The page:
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Image: Académie des Sciences
In preparation for the 45th G7 Summit, to be held in Biarritz from 24 to 26 August 2019, the science academies of the member countries have submitted three joint statements to their respective governments to alert them to what they see as the most pressing current scientific issues: „Science and trust“, „Artificial intelligence and society“, and „Citizen science in the Internet age“.
This year, the French Académie des Sciences proposes to focus on three themes with strong implications for society: Science and trust, Artificial intelligence and society, and Citizen science in the age of the Internet.
Science and trust
In an era marked by technological development and a growing need for innovation, society needs to be able to have complete trust in science – especially in a context in which the public is exposed to questionable sources of information. Cultivating a dialogue of trust between the public, politicians and the scientific arena is vital if science is to fulfil its role of advising, warning and guiding both individual choices and political decisions when it comes to subjects with considerable scientific content. In this respect, the academies recommend promoting science teaching from a very early age so as to give pupils a critical approach and the ability to reason, carry out scientific experiments and understand both the benefits of science and the world around them. The statement by the academies highlights the need for the scientific community to guarantee that fundamental principles in the areas of ethics, integrity and responsibility are applied in the practice of research.
Artificial intelligence and society
Progress in artificial intelligence (AI) has already produced remarkable results, including voice recognition, image classification, autonomous vehicles and decision support systems, which have benefited our societies in many fields. This rapid development indicates that AI is a technology with the potential to engender fundamental changes in our daily lives. The seven academies highlight the potential economic advantages of AI, and note in this respect the need to manage it wisely and to prepare for the changes it is set to bring about, especially in the area of employment, to make sure that its benefits can be enjoyed by society as a whole. They stress that AI systems and data must be reliable, safe and secure. Personal data must not be made available to third parties without permission. A series of measures are needed to develop explainable AI systems, to familiarize younger generations with AI, and to design and develop interdisciplinary research that will maximise the benefits of AI for society. The academies also recommend a public policy debate on the application of AI to lethal autonomous weapons, which they suggest could be examined by the relevant UN bodies.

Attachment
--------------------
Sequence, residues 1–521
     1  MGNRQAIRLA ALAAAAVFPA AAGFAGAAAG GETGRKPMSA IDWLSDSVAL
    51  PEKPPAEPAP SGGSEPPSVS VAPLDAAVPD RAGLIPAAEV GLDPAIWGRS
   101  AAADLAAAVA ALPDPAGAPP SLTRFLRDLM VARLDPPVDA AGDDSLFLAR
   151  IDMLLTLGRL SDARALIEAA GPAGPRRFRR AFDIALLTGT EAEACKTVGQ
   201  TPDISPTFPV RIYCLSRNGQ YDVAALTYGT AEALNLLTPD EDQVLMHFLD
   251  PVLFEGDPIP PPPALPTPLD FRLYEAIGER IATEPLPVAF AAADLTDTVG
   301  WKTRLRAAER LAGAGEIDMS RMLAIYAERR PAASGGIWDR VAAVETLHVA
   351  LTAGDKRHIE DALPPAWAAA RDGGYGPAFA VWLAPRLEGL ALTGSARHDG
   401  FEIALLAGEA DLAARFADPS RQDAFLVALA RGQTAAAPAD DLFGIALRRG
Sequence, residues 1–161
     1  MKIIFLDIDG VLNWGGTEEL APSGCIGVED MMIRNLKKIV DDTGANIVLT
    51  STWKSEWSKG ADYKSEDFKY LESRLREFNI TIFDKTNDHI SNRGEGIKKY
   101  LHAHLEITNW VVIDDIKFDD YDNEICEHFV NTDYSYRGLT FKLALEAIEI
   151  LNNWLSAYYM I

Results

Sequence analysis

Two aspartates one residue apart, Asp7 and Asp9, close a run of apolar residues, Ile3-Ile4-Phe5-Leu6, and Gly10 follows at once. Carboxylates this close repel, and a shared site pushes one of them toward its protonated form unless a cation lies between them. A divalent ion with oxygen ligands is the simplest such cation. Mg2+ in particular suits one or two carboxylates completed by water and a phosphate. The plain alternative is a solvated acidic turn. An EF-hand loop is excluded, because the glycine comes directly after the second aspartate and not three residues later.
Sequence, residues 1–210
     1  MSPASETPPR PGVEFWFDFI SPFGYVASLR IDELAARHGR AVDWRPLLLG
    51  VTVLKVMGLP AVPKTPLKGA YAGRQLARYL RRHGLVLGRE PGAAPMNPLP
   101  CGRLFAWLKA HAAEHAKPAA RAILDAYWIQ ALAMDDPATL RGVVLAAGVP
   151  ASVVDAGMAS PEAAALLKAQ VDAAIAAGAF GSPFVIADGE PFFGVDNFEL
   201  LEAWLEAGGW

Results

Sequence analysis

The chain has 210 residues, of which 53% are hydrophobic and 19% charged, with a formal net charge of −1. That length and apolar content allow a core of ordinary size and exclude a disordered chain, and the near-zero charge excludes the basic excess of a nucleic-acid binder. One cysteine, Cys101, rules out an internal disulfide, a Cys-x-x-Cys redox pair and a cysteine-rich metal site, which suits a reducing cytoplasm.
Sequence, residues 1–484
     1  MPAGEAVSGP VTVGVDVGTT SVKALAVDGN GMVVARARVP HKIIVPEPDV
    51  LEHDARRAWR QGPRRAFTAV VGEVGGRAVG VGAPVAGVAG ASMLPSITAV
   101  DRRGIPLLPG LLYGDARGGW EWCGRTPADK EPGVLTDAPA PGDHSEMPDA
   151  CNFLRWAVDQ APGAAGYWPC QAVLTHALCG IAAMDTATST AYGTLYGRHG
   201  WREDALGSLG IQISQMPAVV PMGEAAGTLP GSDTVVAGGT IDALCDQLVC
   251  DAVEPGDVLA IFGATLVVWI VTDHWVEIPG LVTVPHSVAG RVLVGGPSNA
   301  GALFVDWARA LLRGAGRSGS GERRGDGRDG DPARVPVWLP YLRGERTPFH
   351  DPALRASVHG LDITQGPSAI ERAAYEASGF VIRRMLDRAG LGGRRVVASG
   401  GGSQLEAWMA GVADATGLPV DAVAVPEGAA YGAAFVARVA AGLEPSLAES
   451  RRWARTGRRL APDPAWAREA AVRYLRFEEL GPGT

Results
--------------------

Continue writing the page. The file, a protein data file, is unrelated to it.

Citizen science in the Internet age
Citizen science refers to research carried out by citizens who are not professional scientists. There are two main components to this notion: participatory research, and science outside traditional settings. The former involves people with no advanced scientific training taking part, as amateurs, in research projects, especially those requiring field data collection. The latter involves people with a solid scientific background, who conduct their work outside professional research settings. The emergence of new communication technologies and the democratisation of knowledge have given considerable momentum to citizen science. The seven academies encourage these two types of research, which they consider should be supported by specific funding. They recommend promoting the joint development of citizen science and laboratory research and emphasize the need to validate the results obtained and to make sure that the essential criteria of honesty, reliability and ethics are systematically applied. They stress that a significant effort is required in terms of education and training so as to encourage younger generations to be involved in scientific activities, whether in a professional or citizen framework, in the best possible conditions. They call for the introduction of measures to ensure that citizen science does not deviate from regulations in the areas of ethics and safety.